Owners beat, mistreat, starve and cause their dogs suffering way too often.
I can barely stand to read all the stories of abuse and neglect these days.
But in a court of law, most of these owners get just a slap on the wrist…
Really? So in today’s society it is justified to beat or starve or torture an animal?
How can we as an educated moral society, accept animal cruelty?
How can somebody hurt a defenseless animal?
And how can we not see the bigger picture?
If they can hurt an innocent dog, what other evils are they capable of?
We all seem to miss the big picture here.
Studies have shown that majority of serial killers started torturing animals at a young age.
Shouldn’t that be a sign in itself to put the person in jail and throw away the key?
They are a clear and present danger to society…
So owners can beat their animals and walk away free, but if an animal bites or snaps they are automatically considered a killer breed?
It is much more common for an owner to hurt an animal, than an animal to hurt an owner, but the dogs are the ones labeled a danger to our society.
Really? Who is making the rules these days?
Something is very very wrong, and it is up to us to fix it.
If only it were the other way around, and dogs could drop their abusive owners at a shelter…there is one and its called JAIL.
These animals have no voice, so we must be it for them.
Mani was 24 hours from death.
I watched him run through Central Park and galavant through the city this morning with such pride and excitement.
He could see his future.
If you could see his sad eyes and confused face just 48 hours ago, you would swear he was a different dog.
We all have the power to make a difference.
Teach your children compassion for animals.
Go to a shelter and save a life.
In the end, I believe the animal saves the person, as it teaches them the true definition of loyalty, companionship and unconditional love.
Did you know 95 percent of fortune 500 ceos are raised with a dog?
They have all said it taught them responsibility, leadership and companionship at a young age.
As I look at Mani asleep, my eyes well with tears.
As he could have been another statistic and he’s such a special and loving boy.
I know there are so many more Manis out there, that are sitting in shelters now, and all the more that never made it out.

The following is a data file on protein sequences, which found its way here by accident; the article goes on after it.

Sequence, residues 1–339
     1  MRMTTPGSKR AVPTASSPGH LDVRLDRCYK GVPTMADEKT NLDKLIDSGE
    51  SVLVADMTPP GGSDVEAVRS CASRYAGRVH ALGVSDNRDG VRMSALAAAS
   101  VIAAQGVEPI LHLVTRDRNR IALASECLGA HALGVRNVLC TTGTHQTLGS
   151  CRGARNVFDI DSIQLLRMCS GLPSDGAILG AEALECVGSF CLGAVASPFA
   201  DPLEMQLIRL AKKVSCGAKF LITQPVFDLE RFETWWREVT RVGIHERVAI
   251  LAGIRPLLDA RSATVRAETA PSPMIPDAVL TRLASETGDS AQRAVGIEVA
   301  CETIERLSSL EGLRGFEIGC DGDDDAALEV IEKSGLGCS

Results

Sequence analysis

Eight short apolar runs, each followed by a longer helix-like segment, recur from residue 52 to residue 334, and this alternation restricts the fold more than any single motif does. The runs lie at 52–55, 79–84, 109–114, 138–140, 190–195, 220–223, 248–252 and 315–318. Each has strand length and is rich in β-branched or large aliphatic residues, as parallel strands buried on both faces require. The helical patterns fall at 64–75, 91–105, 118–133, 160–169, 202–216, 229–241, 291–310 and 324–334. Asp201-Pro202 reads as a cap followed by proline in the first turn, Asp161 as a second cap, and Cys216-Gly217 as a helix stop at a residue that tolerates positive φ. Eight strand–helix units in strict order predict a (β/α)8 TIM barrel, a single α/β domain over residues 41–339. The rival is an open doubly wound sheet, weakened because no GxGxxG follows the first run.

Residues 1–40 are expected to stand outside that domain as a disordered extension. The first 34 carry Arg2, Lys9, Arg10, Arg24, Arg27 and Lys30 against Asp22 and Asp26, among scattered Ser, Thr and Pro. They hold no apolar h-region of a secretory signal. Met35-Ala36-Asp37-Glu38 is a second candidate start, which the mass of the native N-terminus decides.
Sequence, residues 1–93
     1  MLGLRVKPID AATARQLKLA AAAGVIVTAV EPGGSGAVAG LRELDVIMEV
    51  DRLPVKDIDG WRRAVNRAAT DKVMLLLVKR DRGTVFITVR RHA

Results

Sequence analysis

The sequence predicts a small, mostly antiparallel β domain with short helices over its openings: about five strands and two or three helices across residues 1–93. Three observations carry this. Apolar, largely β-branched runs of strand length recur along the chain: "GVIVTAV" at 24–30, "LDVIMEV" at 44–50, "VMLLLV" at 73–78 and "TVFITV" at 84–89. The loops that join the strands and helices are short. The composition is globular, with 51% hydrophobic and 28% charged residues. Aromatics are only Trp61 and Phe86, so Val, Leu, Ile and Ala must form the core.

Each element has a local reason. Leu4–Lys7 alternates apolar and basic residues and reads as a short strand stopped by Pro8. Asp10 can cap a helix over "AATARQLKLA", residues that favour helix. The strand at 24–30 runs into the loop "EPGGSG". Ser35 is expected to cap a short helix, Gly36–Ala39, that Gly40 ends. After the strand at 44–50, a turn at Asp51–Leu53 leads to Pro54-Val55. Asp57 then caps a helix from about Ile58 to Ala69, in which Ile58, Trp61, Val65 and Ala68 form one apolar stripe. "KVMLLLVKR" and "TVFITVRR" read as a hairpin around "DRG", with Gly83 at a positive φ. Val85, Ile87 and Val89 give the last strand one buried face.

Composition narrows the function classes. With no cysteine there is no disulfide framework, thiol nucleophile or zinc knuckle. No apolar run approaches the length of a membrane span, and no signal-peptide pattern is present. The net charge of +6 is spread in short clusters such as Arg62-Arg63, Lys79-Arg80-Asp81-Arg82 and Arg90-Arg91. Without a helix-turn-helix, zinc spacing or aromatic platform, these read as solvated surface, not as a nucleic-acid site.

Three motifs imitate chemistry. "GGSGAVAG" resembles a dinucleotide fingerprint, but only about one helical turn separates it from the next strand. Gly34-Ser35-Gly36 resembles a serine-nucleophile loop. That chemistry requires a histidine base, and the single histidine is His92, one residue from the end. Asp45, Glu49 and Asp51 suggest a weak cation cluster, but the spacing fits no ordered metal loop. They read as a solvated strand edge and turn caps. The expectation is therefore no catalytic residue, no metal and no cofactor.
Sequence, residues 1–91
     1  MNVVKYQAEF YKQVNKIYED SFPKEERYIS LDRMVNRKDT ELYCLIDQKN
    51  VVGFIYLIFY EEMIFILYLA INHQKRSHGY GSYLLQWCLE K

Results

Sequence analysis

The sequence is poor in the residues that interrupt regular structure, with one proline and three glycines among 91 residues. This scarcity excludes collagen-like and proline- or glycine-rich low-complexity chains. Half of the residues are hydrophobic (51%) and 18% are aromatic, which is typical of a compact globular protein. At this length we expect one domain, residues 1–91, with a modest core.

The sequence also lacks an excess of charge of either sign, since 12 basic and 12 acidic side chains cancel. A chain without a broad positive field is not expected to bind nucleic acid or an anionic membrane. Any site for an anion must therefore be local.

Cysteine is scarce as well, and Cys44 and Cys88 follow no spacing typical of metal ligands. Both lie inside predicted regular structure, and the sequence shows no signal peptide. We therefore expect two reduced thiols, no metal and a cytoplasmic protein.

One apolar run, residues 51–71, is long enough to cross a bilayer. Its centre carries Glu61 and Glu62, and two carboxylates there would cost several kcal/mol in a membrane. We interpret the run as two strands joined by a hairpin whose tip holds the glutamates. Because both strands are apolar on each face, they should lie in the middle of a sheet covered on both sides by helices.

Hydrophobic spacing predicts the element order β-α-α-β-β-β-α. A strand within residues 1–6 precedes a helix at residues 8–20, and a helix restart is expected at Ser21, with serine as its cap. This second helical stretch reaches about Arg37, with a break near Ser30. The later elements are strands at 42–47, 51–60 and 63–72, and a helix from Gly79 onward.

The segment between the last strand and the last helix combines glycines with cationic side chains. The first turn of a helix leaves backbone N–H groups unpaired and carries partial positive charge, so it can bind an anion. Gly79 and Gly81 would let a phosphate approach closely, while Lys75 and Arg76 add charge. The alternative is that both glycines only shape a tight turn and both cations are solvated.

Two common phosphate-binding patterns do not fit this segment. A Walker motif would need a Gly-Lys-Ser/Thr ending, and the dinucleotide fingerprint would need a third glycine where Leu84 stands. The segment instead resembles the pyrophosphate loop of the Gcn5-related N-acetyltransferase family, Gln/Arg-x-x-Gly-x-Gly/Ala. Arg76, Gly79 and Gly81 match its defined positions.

People think that I changed Mani’s life, but truth is…he changed mine in just 24 hours.
A house is not a home until you have a dog.
I will forever be an advocate, and an outspoken one for pit bulls.
I am their new best friend.
Mani will forever hold a special place in my heart, and be the dog that taught me just how ignorant and unfair the world is when it comes to pitbulls.
My favorite book I read to my daughters every night is ” whoever you are” by Mem Fox.
The message of the book is , no matter what we look like on the outside, no matter what color skin we have, what language we speak, what religion we believe in…
Inside we are all the same.
Pain is pain, and joy is joy.
Now if we could just apply that theory to dogs.
Whether it is a pit bull, lab, golden, maltese…
They are all the same on the inside…
If they are given love, they are happy.
If they are hurt, they are sad.
Doesn’t matter what breed they are.
If Mani’s beautiful spirit and personality were masked by the face of a fluffy little white dog…everybody would line up to adopt him.
But the minute they notice he’s not white and fluffy, but rather a pit bull…he is immediately dismissed.
Saving Mani yesterday was one of the best decisions I’ve ever made… and for sure a life lesson for me…
Pit bulls are loyal and loving companions…if you just give them the chance.
Please give them one.
They deserve it, and it took me a die hard animal lover 36 years to know that.
But its really just as simple and comes down to what we were taught in nursery school…
Don’t just a book by its cover.
In just 48 hours, Mani has brought much joy love and laughter to our lives.
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I am human, if you see a typo, please let me know. Questions, comments or story ideas can be emailed to Eims1@live.com.